Vina Magana

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Country of Origin: Spain
Location: Navarra
People: Juan Magaña, Owner | Juan & son Diego Magaña, Winemakers

Items

Vina Magana 2012 'Dignus' Navarra DO Login IWC 90 WA 91 In Stock

Sometimes you just have to break the rules. Take Juan Magaña, for example. 30 years ago, he had a vision. After researching the best wines in the world, he decided that he wanted to grow Bordeaux in the Navarra region of Spain. He found a nursery that sold to St. Emilion and Pomerol, and most notably the auspicious Chateau Petrus. The nursery owner even hailed originally from Spain, and knew what climate and soil there would grow his vines best. So what was the problem? The Spanish government did not permit the planting of Bordeaux grapes in Navarra! The D.O. (Instituto Nacional de Denominaciones de Origen) mandated what it deemed the best grapes for each area, and vineyards were forced to comply. Magaña's most significant find, Petrus clone #181 class A Merlot, was not included in the government's choices. So he had to sneak the vines in. He smuggled them over the Pyrenees Mountains, managed to get them into Navarra without incident, and named the first plot after the nursery owner in France. Thus was created the first vineyard of Merlot in España. It took him seven years to plant the vines while enjoying the romantic experience of his dream coming to life. He also found, after 7 long years, that he was broke!

To make money while he was waiting to make his own wines, he sold clone #181 elsewhere, but he didn't just sell Merlot; anyone important in Spain bought their Cabernet, Malbec, and Sauvignon Blanc (as well as Syrah and Cabernet Franc) from Magaña's vineyards. Even today, any Merlot seen in the country is likely to have come from this original source, planted in 1975. It was not an easy journey. Juan would travel to France, buy the vines in Bordeaux, and then bring them across the Mountains. Then he would graft and grow the vines, make cuttings, and sell them to other wineries. Every time the D.O. made a visit to check on wineries, Magaña would claim all of their vines as Tempranillo to avoid questioning and stay within the law. So how did Merlot eventually become legal within the area? Years later, the D.O. came to Magaña to ask his advice! They explained that his "Tempranillo" was clearly superior to any other in the region, and, as they were looking to admit new clones, wanted him to let them in on his secret. He did. . . and the rest is history!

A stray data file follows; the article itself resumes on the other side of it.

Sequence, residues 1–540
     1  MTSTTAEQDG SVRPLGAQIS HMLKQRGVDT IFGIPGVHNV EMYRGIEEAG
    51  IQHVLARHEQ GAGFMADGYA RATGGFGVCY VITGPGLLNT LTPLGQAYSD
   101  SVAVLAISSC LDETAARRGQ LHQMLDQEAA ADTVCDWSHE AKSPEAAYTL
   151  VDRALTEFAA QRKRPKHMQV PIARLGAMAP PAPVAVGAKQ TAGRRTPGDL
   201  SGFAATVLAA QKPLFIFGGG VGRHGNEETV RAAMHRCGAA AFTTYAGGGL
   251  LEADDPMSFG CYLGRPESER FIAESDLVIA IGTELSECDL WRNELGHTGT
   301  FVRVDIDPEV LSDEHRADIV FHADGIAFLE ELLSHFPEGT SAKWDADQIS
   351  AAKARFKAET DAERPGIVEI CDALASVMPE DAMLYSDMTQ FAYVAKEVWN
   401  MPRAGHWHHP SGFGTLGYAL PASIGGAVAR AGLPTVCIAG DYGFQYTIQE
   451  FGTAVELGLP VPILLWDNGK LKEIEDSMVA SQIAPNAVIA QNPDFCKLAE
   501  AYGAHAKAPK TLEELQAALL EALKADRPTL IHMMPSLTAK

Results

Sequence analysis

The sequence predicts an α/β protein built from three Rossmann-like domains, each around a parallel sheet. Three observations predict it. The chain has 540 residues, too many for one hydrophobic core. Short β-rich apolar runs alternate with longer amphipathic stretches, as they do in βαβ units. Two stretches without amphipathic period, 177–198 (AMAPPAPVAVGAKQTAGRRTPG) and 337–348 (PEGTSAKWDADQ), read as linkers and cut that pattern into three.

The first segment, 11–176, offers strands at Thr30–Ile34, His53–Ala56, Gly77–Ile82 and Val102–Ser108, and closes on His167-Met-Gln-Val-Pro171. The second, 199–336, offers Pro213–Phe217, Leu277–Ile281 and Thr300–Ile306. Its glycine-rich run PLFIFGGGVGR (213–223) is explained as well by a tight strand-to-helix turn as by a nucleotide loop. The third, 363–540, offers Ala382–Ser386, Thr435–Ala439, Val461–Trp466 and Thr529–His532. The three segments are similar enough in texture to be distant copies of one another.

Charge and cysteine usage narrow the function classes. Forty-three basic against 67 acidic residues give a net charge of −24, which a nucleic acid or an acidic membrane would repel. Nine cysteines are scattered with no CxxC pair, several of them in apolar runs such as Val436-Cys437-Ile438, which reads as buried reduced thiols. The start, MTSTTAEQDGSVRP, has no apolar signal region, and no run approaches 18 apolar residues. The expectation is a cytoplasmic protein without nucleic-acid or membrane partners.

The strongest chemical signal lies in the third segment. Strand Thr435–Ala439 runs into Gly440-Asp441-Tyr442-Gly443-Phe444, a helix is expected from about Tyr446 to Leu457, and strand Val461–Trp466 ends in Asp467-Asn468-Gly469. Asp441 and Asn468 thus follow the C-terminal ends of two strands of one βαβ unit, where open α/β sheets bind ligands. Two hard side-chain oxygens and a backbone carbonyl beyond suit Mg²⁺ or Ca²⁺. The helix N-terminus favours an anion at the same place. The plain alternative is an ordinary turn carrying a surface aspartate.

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Reviews

  • Vina Magana 2012 'Dignus' Navarra DO
    International Wine Cellar
    Rating: 90 (10/1/2014)

    Brilliant ruby. Expressive aromas of red berries, rose pastille and white pepper, with a hint of cured tobacco emerging with aeration. Plush and fruit-driven on the palate, offering gently sweet black raspberry and cherry flavors and a touch of mocha. Velvety tannins shape the clinging finish, which features lingering floral and red berry qualities.
  • Vina Magana 2012 'Dignus' Navarra DO
    The Wine Advocate
    Rating: 91 (11/1/2014)

    The 2012 Dignus is a blend of 50% Tempranillo , 25% Merlot and 25% Cabernet Sauvignon from vines planted in 1970 that was aged 12 months in 3-year-old French oak. It exhibits lovely blackcurrant and black cherry fruit intermixed with licorice, Provençal herbs, loamy soil and hints of spice box and background oak. Medium to full-bodied with fresh acids, it is a zesty, opulent, delicious, complex red wine to consume over the next 3-4 years.